When we arrived at the training site later that day, I quickly went about getting my defensive framework set up. I seemed to be the only one actively working my battle plan, and that was okay with me. Let them procrastinate with their attack, it only gave me more time to lay the home alone-esqe defenses. I lay awake and alert that first night. Hopped up on diet coke and caffeine pills, I was tuned to every sound and every smell. I may have had no Claymore mines to protect my perimeter, but I had an impenetrable web of fishing line, 550 cord, and fishing pole bells strewn throughout every possible opening to the TOC (Tactical Operations Center, this is where I slept). I waited, far into the night and the next morning, for the surprise attack. No attack came that night, clearly they were intimidated.
Fast forward three days.
I waited, bleary eyed and shivering in the cold, for the guys to return from chow. This was one of those cushy field problems, where we “tactically” moved out in the morning to the DFAC (Dining Facility). The beautiful thing about the DFAC was that it was nice and warm, ESPN played during breakfast, the bathrooms were clean and stocked with soft toilet paper, and you could re-charge your phone in the outlets next to the tables. Going to the DFAC for breakfast was a nice getaway from training, and something everyone looked forward to each morning. The TOC, however, needed to be manned 24/7, so someone had to stay back each morning while everyone else went to breakfast. I volunteered each day, so my guys could get the nice respite, and so I could get some rest. Sleepless nights were taking their toll on me, and I relished that hour of peace each morning. Thus far, my plan had worked to a “T”. I could hardly believe how worried I had been. When it came to covert ops, my Soldiers had NOTHING on me! We had run late missions the night before, and when the Soldiers returned from breakfast, we would tear down and move out, back home. I reflected on my heroic triumph over my Soldiers and NCOs. Had they really though they could outwit me? I visualized Mark Burnett, high-fiving me, telling me I had indeed outwitted, outplayed, and outlasted the rest of the platoon. I was riding high, and feeling good.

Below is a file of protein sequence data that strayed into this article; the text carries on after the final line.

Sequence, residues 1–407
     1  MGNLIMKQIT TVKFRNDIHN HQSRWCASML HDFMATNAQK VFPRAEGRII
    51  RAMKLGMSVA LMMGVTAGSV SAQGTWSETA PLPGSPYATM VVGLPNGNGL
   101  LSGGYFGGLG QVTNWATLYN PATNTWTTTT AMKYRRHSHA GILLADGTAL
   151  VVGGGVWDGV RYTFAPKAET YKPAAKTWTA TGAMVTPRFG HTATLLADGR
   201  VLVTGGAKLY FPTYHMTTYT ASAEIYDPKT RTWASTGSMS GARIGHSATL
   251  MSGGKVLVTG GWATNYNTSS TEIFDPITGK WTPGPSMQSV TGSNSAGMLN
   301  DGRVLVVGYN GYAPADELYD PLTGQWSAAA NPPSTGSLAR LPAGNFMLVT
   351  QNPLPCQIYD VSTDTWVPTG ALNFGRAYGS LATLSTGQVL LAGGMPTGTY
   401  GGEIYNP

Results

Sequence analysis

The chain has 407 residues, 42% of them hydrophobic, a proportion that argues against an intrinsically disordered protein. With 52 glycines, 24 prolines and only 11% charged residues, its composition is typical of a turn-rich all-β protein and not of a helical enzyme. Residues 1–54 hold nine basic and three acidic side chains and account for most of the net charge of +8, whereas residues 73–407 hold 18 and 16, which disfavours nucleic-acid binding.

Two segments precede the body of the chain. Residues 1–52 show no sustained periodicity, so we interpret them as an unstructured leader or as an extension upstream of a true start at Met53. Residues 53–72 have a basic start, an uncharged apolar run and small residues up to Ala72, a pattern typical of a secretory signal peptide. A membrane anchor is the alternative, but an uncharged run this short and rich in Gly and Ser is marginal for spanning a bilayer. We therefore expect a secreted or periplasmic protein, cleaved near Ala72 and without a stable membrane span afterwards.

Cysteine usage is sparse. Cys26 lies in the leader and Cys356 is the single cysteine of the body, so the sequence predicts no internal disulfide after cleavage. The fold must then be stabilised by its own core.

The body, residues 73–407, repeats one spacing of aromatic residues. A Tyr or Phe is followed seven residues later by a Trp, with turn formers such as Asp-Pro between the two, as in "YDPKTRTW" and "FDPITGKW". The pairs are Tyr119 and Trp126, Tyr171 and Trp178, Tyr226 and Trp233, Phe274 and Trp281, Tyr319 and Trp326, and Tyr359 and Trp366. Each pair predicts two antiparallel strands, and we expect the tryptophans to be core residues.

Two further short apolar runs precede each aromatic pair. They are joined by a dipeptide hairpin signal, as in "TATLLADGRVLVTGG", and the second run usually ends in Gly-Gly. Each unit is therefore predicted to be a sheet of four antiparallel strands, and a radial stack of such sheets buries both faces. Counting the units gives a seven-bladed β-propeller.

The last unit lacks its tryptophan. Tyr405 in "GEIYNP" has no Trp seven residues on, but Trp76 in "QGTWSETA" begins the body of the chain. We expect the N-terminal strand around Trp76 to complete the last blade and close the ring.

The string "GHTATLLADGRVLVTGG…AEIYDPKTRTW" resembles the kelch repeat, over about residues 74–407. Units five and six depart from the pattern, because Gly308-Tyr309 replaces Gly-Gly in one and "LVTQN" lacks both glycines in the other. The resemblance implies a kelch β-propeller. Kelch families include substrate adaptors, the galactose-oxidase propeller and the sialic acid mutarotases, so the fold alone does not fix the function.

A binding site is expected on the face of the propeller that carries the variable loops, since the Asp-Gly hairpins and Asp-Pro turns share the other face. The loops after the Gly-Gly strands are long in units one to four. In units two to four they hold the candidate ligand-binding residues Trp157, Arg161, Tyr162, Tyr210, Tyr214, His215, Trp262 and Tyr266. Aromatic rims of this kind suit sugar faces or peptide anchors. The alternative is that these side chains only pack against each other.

My feelings of euphoria lasted the rest of the morning, as the platoon packed up and got ready to move out. I stood near my vehicle, Kevlar in hand, as my senior squad leader approached the truck.
“Well Sir, we’re ready to move out.”
I couldn’t wipe the smug smirk from my face. Let him wallow in defeat, maybe now he knows just who he was dealing with. I still couldn’t believe I was ever worried.
“Okay, let’s do it.” I said.
My squad leader turned to walk away, but I stopped him right as he left.
“You know, you never did tie me to that tree.”
I waited for him to acknowledge my victory. The sleepless nights, constant worry over who was behind me, skipping breakfast so I could have some peace and quiet, setting up my defensive perimeter every night, tearing it down every morning. It was all worth it.
“Yeah Sir, we sure didn’t.”
That was it.
That was the moment I had been waiting for, to revel in my triumph, to savor my victory. But when my bloodshot and bleary eyes met his, I finally got it. I stood there disheveled, the aura of paranoia clinging to me like Pigpen’s stink. My nervous system fried from Diet Coke and caffeine pills. Cold, hungry, and generally miserable. He may not have tied me to the tree, but he and the rest of the platoon got me good nonetheless. I smiled and let out a quiet “damn.”
For to win one hundred victories in one hundred battles is not the acme of skill. To subdue the enemy without fighting is the acme of skill. Sun Tzu